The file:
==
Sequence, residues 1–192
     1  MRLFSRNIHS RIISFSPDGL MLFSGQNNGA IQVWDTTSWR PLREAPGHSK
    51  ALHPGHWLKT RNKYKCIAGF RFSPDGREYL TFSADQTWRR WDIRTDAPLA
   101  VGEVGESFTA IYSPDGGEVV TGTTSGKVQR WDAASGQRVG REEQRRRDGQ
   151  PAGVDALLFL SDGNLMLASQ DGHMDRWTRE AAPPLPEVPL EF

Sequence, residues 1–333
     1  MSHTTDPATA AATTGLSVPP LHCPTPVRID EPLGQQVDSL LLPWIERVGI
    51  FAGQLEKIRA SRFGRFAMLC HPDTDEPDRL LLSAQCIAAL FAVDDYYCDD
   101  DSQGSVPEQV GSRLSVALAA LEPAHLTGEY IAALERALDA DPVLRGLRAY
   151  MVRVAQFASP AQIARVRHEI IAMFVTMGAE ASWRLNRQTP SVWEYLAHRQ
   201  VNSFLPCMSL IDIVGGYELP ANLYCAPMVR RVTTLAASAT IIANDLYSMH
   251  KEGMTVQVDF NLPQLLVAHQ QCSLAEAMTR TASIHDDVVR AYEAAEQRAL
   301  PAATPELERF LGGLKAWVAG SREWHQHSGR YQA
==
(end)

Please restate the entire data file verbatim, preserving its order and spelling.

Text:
Sequence, residues 1–192
     1  MRLFSRNIHS RIISFSPDGL MLFSGQNNGA IQVWDTTSWR PLREAPGHSK
    51  ALHPGHWLKT RNKYKCIAGF RFSPDGREYL TFSADQTWRR WDIRTDAPLA
   101  VGEVGESFTA IYSPDGGEVV TGTTSGKVQR WDAASGQRVG REEQRRRDGQ
   151  PAGVDALLFL SDGNLMLASQ DGHMDRWTRE AAPPLPEVPL EF

Sequence, residues 1–333
     1  MSHTTDPATA AATTGLSVPP LHCPTPVRID EPLGQQVDSL LLPWIERVGI
    51  FAGQLEKIRA SRFGRFAMLC HPDTDEPDRL LLSAQCIAAL FAVDDYYCDD
   101  DSQGSVPEQV GSRLSVALAA LEPAHLTGEY IAALERALDA DPVLRGLRAY
   151  MVRVAQFASP AQIARVRHEI IAMFVTMGAE ASWRLNRQTP SVWEYLAHRQ
   201  VNSFLPCMSL IDIVGGYELP ANLYCAPMVR RVTTLAASAT IIANDLYSMH
   251  KEGMTVQVDF NLPQLLVAHQ QCSLAEAMTR TASIHDDVVR AYEAAEQRAL
   301  PAATPELERF LGGLKAWVAG SREWHQHSGR YQA